Saturday, 29 October 2011

The One with the Regular Column

Today is a bit of an exciting day!

Today the November edition of Strictly Business magazine comes out.

And I'm in it!

I have a regular monthly feature called Starting Again, all about what has happened since my redundancy and setting up a new business.

Here's the link so please have a look and let me know what you think?

I feel like Nelson!

I've got a column......

Tuesday, 25 October 2011

The One with the Empty Packet

Trips to the supermarket are always rich sources of amusement for the blog.

Maybe that's why I still take my life in my hands twice a week and push a toddler in a trolley round a bright, noisy, over stimulating shop full of things he wants to hold, shake, break or chew.

Lemon Cake Lady has long since given up this ritual and has a man deliver her shopping to her front door like Margot ordering Christmas in The Good Life! Granted some of the delivery guys look like serial killers and scare the bejesus out of her but it's still preferable to dragging a two year old round to do your weekly shop. So she doesn't understand why I don't do the same.  

After yesterday I'm inclined to agree with her!

The boy normally enjoys a "trolley adventure" and, maybe more by luck than judgement, has always been as good as gold before. That's not to say he was awful this time. I've seen and heard a lot worse. But he was "out of sorts"!

To be fair we all are. Hubby is away in Hong Kong on holiday. This makes us sound like global jet setters. Oh my husband has just popped over to Hong Kong to see friends. In reality he's gone to a close friends wedding and thought long and hard about the expense and time away from his family before he committed to going. I think he worried most about missing the cat personally but it's the thought that counts!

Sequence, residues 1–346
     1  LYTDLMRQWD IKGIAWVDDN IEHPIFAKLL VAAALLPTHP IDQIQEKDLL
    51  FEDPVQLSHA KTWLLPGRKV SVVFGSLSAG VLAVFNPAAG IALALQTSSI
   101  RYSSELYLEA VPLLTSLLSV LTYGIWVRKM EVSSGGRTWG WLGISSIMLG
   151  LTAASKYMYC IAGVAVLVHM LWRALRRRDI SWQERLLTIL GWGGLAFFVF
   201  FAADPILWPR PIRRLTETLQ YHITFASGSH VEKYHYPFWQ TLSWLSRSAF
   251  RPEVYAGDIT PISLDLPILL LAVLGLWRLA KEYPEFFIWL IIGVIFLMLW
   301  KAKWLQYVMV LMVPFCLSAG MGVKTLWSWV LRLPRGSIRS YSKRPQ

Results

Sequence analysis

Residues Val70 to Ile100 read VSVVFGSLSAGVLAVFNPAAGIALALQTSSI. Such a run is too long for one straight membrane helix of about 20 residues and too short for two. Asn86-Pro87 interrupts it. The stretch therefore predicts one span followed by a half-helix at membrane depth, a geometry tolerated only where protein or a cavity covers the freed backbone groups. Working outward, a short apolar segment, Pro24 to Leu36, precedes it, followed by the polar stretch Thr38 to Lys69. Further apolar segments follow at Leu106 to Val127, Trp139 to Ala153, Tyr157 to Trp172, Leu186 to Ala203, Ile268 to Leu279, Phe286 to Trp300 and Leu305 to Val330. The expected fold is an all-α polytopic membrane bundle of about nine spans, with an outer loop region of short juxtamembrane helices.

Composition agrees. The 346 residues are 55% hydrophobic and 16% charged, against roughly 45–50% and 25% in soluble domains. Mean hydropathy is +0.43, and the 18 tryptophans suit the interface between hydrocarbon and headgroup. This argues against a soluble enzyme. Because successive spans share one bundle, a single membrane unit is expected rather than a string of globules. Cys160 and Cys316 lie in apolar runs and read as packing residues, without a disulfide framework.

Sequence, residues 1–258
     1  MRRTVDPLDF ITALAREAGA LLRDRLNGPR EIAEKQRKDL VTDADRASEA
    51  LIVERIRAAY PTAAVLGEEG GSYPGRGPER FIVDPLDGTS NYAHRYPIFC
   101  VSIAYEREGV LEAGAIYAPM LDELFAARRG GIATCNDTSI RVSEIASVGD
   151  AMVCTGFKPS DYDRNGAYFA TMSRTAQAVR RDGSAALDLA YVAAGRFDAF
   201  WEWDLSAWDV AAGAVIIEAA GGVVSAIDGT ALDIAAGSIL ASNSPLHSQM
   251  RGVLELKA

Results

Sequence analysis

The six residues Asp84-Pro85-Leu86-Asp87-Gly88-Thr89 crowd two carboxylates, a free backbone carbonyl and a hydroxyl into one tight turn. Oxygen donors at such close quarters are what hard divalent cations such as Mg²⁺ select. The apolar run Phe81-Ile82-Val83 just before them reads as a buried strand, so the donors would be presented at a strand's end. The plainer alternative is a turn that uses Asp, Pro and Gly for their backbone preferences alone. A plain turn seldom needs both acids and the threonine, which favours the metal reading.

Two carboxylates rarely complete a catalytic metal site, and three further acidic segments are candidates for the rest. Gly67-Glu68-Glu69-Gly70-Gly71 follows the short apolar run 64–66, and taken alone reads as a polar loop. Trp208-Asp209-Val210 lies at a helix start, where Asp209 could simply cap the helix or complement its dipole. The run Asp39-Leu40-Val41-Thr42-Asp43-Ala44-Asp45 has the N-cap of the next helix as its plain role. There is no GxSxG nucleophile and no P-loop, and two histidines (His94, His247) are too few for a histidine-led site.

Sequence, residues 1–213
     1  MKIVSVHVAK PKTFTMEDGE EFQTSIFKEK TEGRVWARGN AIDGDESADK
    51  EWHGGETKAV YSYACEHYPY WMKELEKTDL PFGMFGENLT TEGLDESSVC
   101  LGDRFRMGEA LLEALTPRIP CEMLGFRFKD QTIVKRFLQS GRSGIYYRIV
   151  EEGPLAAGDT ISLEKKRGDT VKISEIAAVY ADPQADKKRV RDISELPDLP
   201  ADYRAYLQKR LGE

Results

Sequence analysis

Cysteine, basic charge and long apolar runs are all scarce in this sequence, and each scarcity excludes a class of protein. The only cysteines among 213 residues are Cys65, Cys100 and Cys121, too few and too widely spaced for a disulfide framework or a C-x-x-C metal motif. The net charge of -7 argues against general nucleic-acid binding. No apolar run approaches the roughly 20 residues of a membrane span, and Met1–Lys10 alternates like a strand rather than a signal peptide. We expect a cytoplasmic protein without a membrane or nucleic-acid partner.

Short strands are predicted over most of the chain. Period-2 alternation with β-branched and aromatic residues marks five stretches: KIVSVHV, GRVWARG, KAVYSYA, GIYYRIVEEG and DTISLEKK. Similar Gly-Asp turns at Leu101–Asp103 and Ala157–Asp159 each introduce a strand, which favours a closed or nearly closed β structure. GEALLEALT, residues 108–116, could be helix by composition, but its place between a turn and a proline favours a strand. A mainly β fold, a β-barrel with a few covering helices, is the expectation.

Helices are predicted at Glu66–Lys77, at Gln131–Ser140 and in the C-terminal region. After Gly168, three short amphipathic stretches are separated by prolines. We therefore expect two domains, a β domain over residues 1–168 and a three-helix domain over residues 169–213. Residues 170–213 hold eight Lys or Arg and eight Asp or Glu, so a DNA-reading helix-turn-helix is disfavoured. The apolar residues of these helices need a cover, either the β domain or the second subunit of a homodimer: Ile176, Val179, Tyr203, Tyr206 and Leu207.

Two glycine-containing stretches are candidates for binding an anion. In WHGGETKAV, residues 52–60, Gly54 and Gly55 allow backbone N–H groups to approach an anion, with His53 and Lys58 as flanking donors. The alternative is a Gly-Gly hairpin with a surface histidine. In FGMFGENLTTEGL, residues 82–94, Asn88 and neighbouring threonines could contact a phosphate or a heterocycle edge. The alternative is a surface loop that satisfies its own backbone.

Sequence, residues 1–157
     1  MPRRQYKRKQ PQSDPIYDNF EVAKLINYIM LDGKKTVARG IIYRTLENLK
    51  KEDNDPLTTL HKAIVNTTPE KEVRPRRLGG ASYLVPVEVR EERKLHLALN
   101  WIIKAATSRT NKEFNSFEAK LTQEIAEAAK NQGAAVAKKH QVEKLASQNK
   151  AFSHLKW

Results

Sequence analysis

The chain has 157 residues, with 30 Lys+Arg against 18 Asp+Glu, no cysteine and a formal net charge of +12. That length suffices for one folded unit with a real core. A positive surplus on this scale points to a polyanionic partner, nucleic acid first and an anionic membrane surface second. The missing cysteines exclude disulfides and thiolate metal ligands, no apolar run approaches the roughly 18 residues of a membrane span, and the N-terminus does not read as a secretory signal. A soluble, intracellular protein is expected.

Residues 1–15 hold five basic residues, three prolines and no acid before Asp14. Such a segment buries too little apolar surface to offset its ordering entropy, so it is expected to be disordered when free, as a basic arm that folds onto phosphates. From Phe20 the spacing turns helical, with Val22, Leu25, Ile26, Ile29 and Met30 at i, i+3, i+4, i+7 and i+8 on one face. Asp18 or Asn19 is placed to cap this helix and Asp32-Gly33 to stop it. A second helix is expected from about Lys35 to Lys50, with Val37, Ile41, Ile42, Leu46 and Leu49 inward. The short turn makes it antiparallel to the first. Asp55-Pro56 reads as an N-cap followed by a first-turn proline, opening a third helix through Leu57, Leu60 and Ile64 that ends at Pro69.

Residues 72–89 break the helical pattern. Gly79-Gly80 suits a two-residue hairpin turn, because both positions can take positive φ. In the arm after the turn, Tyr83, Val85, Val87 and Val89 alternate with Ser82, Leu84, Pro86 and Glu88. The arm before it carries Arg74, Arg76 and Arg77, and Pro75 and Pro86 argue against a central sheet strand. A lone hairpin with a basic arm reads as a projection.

Unfortunately this trip of a lifetime has coincided with me having a throat and chest infection with a large dollop of cold and sinus pain heaped on top. The boy has caught my cold and now so has Nanny P.

After a weekend stuck in doors constantly "wiping" Monday morning came and I felt the need for a drive out.

Wild and crazy as I am we went o Asda! Cor I know how to live on the edge! Even if it's only the edge of town.

Asda may be the other side of town but I am now officially addicted to their Orange, Pineapple and Coconut juice because it tastes like you're drinking Malibu in the morning, and the pseudo naughtiness of that gets me through the day. When a grisly toddler is flicking yogurt at you at 7.30 in the morning, to quote a rival supermarket, every little helps!

Like a good and organised Mummy I'd taken juice and snacks to placate the boy during the ride round the store.

But once I'd finally coaxed him into the trolley he ate them in a bout three seconds flat!

The boy started to scream. Loudly. He lunged for my bag where the empty snack pots were now stashed.

"Mummy doesn't have anything else babe" I tried to say calmly "You've eaten them all up"


Proper toddler tantrum meltdown down the baby aisle in Asda. 

Right! What do I do now?

So did I do what all the guides, books and websites tell you to do and kindly but firmly tell the toddler that the food had "all gone" and distract him with songs, games and descriptions of exotic, organic fruits and vegetables?

Did I hell! I grabbed a packet of sweetcorn rings snacks off the shelf, opened them and let the boy devour the lot the rest of the way round.

Face was filled. Coat was covered in crumbs. Peace was restored!

Watching the empty packet drift it's way along the conveyor belt towards the assistant at the till I felt a sense of solidarity with my fellow mothers. I'd finally done what I swore I'd never do and it felt good.

Unlike the snotty lady in Tescos who moaned about the empty toy packet the other month the chap serving me in Asda was charm itself.

"Oh this isn't the first time I've had to do this" he smiled "And I'm sure it won't be the last"